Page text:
Material requirements for future low-carbon electricity projections in Africa
If we are to meet climate mitigation targets whilst also increasing wellbeing it is critical that low-carbon electricity systems are deployed in developing countries.
Direct emissions from operating electricity generation are well understood. However, the materials required to construct technologies, and the associated emissions – embodied emissions – are frequently overlooked.
This paper quantifies the material implications of proposed electricity systems in 47 African countries from 2015 to 2065, involving a reference scenario, and two Paris-Agreement scenarios (1.5 °C and 2.0 °C of warming).
A purpose-built model, called Mat-dp (Material Demand Projections) is used to assess these scenarios. Mat-dp integrates electricity generation projections with material requirements by technology, estimating material budgets, embodied emissions, and jobs.
The resulting construction material mass grows 20-fold from 2015 to 2065, with the highest growth in the reference scenario. As low-carbon electricity capacity grows, embodied emissions from materials increase, reaching 47 MtCO2 in the 2.0 °C scenario by 2065.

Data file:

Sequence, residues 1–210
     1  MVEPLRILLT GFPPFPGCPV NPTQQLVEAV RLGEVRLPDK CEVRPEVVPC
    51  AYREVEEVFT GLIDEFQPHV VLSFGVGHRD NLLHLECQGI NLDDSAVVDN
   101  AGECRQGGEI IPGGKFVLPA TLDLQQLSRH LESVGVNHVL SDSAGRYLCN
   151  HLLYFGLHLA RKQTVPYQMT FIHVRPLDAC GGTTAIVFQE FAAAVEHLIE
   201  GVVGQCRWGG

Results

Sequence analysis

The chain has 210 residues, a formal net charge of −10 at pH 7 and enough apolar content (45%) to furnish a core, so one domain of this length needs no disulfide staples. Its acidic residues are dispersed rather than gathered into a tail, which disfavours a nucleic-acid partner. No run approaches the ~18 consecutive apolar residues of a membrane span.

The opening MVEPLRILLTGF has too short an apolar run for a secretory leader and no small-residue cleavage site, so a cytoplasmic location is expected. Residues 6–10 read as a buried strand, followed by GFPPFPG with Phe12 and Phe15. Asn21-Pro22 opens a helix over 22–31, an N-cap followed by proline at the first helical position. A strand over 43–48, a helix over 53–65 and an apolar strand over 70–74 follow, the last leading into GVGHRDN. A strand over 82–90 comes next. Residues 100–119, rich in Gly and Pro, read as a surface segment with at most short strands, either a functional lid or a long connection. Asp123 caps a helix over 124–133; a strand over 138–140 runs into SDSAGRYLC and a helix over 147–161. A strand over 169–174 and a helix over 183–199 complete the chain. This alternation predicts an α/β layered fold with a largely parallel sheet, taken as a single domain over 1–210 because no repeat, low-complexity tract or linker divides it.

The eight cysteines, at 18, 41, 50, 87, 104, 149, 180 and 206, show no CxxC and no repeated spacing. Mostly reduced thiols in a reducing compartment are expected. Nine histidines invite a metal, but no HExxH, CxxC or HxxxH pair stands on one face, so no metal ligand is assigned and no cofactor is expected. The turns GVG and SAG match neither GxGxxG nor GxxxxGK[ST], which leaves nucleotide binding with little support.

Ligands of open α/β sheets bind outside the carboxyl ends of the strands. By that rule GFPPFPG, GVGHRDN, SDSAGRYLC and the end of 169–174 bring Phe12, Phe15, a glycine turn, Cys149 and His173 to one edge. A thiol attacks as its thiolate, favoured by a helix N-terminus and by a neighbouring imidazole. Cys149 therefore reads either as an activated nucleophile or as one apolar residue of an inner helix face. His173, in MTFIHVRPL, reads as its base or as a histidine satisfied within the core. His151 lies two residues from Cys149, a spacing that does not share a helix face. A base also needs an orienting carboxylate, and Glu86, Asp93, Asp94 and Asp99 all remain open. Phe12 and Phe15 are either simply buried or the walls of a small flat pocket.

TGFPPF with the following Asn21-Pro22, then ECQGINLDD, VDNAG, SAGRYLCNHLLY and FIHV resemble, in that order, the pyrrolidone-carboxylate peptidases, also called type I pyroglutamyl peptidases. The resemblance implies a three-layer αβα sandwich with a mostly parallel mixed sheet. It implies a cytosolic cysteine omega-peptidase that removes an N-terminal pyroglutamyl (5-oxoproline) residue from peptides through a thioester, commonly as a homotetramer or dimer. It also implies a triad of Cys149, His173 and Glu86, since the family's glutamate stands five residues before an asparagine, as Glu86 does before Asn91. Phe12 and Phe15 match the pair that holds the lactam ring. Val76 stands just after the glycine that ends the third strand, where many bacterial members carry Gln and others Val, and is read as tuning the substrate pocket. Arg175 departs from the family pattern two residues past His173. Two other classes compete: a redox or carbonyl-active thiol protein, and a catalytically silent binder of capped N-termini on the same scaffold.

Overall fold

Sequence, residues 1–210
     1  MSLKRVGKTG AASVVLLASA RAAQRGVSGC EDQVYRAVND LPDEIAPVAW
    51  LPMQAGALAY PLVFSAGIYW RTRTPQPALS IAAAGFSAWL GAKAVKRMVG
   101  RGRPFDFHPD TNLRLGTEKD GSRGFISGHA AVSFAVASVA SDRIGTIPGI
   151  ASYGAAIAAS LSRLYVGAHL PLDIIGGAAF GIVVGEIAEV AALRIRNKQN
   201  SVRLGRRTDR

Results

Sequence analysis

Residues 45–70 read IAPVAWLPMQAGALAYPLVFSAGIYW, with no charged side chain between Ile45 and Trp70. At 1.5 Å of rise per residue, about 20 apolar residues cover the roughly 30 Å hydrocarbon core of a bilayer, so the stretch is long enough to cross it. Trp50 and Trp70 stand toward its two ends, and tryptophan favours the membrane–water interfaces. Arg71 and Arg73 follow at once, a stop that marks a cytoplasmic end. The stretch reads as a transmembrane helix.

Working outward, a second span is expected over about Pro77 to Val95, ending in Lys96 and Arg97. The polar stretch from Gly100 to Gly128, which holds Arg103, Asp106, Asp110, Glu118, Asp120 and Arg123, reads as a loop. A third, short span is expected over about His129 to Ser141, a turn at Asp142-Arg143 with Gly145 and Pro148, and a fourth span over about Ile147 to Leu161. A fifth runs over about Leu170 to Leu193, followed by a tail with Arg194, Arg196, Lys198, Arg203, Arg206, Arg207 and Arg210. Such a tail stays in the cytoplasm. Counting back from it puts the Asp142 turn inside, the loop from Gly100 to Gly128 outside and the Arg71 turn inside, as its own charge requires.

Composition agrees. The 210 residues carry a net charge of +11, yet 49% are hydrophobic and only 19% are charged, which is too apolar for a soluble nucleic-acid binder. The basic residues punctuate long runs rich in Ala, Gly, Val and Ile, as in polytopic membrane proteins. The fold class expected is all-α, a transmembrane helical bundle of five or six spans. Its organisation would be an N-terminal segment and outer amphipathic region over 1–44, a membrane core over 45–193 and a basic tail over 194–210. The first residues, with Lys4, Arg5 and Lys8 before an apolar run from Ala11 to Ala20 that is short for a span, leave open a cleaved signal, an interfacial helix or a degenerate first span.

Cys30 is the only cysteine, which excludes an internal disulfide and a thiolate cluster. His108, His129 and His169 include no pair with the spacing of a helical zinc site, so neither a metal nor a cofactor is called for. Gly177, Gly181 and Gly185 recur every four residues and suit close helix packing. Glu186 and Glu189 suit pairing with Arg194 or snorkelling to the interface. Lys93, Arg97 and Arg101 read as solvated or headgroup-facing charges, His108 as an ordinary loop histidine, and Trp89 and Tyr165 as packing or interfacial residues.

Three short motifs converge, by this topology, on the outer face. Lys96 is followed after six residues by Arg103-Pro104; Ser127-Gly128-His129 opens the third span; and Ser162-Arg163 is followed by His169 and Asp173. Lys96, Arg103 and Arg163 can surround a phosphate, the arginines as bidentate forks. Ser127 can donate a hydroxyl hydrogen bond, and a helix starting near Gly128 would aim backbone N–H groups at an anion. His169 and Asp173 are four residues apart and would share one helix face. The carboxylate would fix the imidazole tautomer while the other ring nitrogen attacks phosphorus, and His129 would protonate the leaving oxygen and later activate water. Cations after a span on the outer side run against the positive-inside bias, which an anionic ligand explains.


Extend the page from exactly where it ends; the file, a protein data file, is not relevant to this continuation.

Three bulk materials, concrete, steel, and aluminium, make up 64–66% of the total materials required by 2065, and 59–61% of the total embodied emissions. The Paris Agreement scenarios show lower material demand, particularly bulk materials, but higher specialised material demand.
Increasing low-carbon electricity generation while decarbonising industry offers a higher emission reduction potential compared to solely switching to low-carbon electricity. Estimated new jobs are 1.6 million per year, mostly from solar.
Key points for a low-carbon electricity future in Africa
- Materials and embodied emissions used for African electricity are evaluated in 3 scenarios.
- Low-carbon concrete, steel, and aluminium are needed for African electricity generation.
- Specialised materials are increasingly used in renewable electricity and require attention.
- Higher embodied emissions are observed as renewables are integrated.
- Increasing use of renewables should be accompanied by industrial efficiency strategies.
Read the full paper from Karla Cervantes Barrón and Jonathan Cullen here: Material requirements for future low-carbon electricity projections in Africa
Photo credit: Ivan Bandura